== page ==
What They Say:
On the cusp of his 30th birthday, a promising young theater composer navigates love, friendship, and the pressures of life as an artist in New York City.
Content: (please note that content portions of a review may contain spoilers)
Whether you are a screenplay writer, author, or musician, there is one feeling that is universal: The dread that comes from the sight of a blank page. Though we all know the feeling all too well, what undoubtedly makes the feeling worse is the visual of the cursor line blinking throughout the process. You stare at that blank page, the cursor line blinking over and over again…as “Rent” writer Jonathan Larson describes it as ‘almost like hearing a constant ticking’ in his ear. One that refused to go away and seemed to taunt him to the point of torture. The feeling of finally having something to write about almost sounded like a loud boom; where all of a sudden the words would flow out and onto the page and create life. Though it’s doubtful I will ever write something that changes the world in the same way Larson did, it’s a nice feeling knowing that some of the best out there view the writing process in the same way I do.
What’s more, I was under the impression that Larson was a gifted prodigy who wrote one successful, world-changing show in his life before dying unexpectedly the night before the big premiere. In truth, Jonathan Larson worked on several shows that would never hit the stage of Broadway. He spent eight years on a rock musical named “Superbia,” which involved aliens, robots, forbidden love…honestly, it sounded awesome from everything I see in this movie. That show would never be produced though. While producers loved the songs and the story (especially an important theater producer by the name of Steven Sondheim) they felt the show was too “high concept,” and that no one would go to Broadway to see a show about robots and such. In hindsight this is laughable; the general public decided to make “SpongeBob Squarepants: The Musical” into a MAJOR hit after all!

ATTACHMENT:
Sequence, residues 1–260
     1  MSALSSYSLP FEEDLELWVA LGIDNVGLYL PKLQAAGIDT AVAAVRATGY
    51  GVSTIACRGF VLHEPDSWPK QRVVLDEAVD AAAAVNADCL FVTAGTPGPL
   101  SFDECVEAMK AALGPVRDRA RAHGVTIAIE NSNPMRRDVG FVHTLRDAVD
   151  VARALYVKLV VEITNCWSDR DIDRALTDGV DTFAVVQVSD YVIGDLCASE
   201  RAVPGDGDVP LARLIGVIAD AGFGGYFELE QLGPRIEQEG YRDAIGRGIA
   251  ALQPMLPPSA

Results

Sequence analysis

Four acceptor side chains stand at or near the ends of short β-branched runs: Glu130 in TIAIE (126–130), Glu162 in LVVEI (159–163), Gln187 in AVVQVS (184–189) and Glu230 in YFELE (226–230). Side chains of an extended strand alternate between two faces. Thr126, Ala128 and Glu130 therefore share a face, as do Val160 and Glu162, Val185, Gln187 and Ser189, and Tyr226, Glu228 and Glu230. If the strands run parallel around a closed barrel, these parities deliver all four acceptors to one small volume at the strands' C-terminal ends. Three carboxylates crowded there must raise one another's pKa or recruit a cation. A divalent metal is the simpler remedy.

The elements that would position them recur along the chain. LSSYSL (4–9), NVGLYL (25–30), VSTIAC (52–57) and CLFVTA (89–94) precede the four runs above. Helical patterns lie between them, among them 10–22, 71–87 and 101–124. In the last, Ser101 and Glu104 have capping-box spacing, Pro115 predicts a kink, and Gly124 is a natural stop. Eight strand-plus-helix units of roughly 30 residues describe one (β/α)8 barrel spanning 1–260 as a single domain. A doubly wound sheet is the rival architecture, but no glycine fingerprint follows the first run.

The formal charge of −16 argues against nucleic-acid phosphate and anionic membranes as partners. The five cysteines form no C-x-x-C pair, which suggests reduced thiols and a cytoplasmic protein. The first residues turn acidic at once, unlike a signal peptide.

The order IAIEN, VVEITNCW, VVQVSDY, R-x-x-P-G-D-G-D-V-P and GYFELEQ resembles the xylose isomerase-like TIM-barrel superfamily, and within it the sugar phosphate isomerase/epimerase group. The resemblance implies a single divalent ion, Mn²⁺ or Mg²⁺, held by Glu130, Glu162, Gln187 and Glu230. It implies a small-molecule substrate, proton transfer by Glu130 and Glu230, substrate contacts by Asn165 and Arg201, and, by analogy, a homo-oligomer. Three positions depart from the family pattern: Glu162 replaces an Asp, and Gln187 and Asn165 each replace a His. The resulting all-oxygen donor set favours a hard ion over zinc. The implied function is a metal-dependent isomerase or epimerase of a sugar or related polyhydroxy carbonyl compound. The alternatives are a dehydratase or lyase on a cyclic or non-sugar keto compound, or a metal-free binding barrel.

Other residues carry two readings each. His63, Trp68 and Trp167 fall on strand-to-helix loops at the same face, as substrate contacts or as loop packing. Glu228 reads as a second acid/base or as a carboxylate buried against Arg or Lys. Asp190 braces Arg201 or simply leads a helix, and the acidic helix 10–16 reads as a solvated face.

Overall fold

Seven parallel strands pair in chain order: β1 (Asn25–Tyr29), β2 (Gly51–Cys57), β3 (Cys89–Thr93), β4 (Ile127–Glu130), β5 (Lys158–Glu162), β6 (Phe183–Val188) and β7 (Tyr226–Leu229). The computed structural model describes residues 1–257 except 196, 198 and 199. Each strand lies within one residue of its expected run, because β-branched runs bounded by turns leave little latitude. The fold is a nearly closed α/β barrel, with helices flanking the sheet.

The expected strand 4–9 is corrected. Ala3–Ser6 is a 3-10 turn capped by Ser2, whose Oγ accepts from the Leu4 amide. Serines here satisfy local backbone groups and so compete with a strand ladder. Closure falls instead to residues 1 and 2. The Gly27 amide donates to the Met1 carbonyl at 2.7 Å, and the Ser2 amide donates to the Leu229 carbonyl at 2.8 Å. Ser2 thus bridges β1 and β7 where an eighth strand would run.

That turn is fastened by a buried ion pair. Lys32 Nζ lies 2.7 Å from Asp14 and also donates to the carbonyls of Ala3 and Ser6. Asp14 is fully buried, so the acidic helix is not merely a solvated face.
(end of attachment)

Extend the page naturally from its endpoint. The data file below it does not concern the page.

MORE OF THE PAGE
At any rate, Larson decided to vent his frustration about the experience in a smaller show known as “Tick, Tick…BOOM!” This show could be presented on a small budget and largely involved Larson explaining the experience as a one-man show with a few backup singers. While this is all a fascinating story, it doesn’t really explain the reason for this movie’s existence or even how it came to be. There’s not a whole lot to suggest that this would have made for a particularly good cinematic experience, but for some reason current Broadway superstar Lin-Manual Miranda (“In the Heights,” “Hamilton”) dug up the score and decided to make this his directorial debut. And yes, I can hear some of my readers shouting that “Tick, Tick…BOOM!” WAS brought to stage several times after Larson’s death, so this isn’t exactly a “lost” production like Howard Ashman’s “Smile” is, but I would argue that none of these productions set the world on fire, and it’s a strange thing to look at a show with five singers and virtually no sets and decide to make THAT into a movie!